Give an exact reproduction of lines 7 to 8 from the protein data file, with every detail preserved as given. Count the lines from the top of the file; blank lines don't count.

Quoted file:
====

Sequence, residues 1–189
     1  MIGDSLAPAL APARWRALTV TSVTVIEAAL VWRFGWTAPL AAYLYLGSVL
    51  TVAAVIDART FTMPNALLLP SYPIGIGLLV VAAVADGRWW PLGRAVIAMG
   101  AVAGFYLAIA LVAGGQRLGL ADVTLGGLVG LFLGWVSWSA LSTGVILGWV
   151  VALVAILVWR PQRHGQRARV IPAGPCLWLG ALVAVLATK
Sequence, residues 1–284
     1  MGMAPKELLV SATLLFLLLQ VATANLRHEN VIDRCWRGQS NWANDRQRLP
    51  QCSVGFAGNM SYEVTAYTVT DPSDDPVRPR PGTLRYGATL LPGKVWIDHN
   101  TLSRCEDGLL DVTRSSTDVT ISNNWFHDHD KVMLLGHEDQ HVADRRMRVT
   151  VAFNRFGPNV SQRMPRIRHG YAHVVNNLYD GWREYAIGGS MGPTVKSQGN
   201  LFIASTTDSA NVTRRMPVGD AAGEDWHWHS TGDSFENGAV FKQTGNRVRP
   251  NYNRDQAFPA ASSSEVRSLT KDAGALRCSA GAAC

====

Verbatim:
     1  MGMAPKELLV SATLLFLLLQ VATANLRHEN VIDRCWRGQS NWANDRQRLP
    51  QCSVGFAGNM SYEVTAYTVT DPSDDPVRPR PGTLRYGATL LPGKVWIDHN